Singapore has called on global organisations such as the United Nations (UN) and World Trade Organisation (WTO) to reform, so international rules are in line with cybersecurity and other key digital developments. The Asian nation also underscores the need for unified cooperation against COVID-19, which it notes has accelerated “self-defeating” sentiments worldwide including protectionism and xenophobia.
Continued international cooperation was key to overcoming the impact of the pandemic as well as to rebuilding, and nations needed to build greater trust and learn from each other, said Singapore’s Minister for Foreign Affairs Vivian Balakrishnan, in the country’s national statement at the UN General Assembly’s General Debate of the 75th session held Saturday.
Delivered via video message, Balakrishnan said in his speech: “The world is facing a period of prolonged turmoil. The multilateral system is confronted by nationalism, xenophobia, the rejection of free trade and global economic integration, and the bifurcation of technology and supply chains.
“But, these threats are not new. COVID-19 has, in fact, accelerated and intensified these pre-existing trends. Protectionism and unilateral action will ultimately be self-defeating,” the minister said.
He noted that modern supply chains were complex, where it was difficult to locally produce all key items since materials and expertise from elsewhere always would be needed at various steps of the process. This was reflected in the disruptions many countries experienced in the flow of essential goods during lockdowns.
Bifurcation also reduced the global pool of knowledge as well as opportunities for the sharing of benefits from research and innovation. Because countries had been open to sharing scientific knowledge, Balakrishnan noted, test kits could be produced quickly during the early phase of the current pandemic. The same global cooperation now was essential in the development of a vaccine to ensure equitable and universal access, he said.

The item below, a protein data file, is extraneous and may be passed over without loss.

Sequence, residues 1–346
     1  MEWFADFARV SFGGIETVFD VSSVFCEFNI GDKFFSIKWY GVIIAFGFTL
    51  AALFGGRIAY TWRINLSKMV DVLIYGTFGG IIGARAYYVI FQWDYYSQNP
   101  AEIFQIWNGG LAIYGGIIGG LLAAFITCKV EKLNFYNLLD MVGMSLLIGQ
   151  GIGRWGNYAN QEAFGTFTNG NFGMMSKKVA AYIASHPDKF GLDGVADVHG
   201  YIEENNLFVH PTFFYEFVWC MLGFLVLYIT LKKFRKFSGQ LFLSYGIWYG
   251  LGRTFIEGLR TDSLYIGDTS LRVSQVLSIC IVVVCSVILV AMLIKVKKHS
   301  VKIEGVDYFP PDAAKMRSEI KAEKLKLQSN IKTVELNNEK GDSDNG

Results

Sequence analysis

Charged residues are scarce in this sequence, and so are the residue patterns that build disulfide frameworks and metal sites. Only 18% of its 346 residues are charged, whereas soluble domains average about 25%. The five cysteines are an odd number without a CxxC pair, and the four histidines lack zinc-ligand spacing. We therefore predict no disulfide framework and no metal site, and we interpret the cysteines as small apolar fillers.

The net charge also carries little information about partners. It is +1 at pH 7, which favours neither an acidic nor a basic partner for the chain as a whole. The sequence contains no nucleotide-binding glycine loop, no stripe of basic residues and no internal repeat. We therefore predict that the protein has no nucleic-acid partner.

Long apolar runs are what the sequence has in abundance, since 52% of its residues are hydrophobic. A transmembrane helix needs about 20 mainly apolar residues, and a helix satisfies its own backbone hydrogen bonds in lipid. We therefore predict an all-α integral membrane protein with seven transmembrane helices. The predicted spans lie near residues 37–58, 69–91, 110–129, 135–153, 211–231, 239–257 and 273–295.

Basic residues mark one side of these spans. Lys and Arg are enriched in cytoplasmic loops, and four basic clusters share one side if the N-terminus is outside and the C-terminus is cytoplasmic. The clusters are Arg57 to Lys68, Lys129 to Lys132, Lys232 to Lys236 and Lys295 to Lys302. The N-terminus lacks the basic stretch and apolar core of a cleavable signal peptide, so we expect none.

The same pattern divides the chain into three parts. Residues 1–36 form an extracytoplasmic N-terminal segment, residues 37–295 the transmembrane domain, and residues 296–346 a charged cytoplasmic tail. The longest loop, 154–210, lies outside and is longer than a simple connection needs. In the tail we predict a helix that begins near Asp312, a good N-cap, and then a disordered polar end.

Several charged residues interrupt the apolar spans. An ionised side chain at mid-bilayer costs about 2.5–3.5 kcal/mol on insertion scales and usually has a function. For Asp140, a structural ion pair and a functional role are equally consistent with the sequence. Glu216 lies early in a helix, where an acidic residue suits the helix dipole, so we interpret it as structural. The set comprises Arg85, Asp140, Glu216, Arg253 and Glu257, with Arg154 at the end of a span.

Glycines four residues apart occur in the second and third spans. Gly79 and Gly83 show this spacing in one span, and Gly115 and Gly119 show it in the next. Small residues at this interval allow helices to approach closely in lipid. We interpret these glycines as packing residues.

He added that global trust would be eroded if contractual obligations for the export of critical goods and movement of people were breached.
He further underscored the need for rules-based multilateral system to be reformed, so it was “fit for purpose” and able to adapt to the changing realities of today.
Apart from the need to work together towards a COVID-19 vaccine and to rebuild communities, Balakrishnan urged for continued efforts to address challenges posed by the digital revolution, cybersecurity threats, climate change, and transboundary pollution.
“We must harness new digital technology for the benefit of all our societies whilst mitigating the possible negative impact,” he said. “COVID-19 has accelerated the deployment of artificial intelligence, robotics, digital payments, e-government services, and remote work.”
Globally, governments, businesses, and individuals needed to be able to transact and transfer data securely across borders. This stressed the need for the world to develop a “trusted, open, and inclusive cyberspace” underpinned by international law and norms of responsible state behaviour, the minister said. In this aspect, he noted, Singapore supported the UN Secretary-General’s Roadmap for Digital Cooperation.
He further urge the need for international institutions to remain inclusive and transparent.
The UN’s role, for instance, was critical, but the 75-year organisation itself needed to “adapt and reform” so it could respond effectively to current and future challenges, and remain relevant for the next 75 years.
The same was true for the WTO, he added. Noting that the international trade organisation’s rules were designed for an agricultural and manufacturing-based world economy, he said WTO today was in urgent need of reform.
Balakrishnan said: “The world needs appropriate rules for services, especially digital services and intellectual property, in preparation for this digital age that is unfolding in front of us.”
He stressed that open, rules-based multilateral trading system was a foundation for sustainable global recovery and had enabled countries to trade in goods and services in mutually beneficial ways. Post-pandemic, nations must look to further strengthen this system so it could work better for the future.
“International governance, now more than ever before, needs to be more representative, more inclusive, and more open. We need to take into account a wide spectrum of views and do more to acknowledge the rich diversity of our global community,” the Singapore minister said.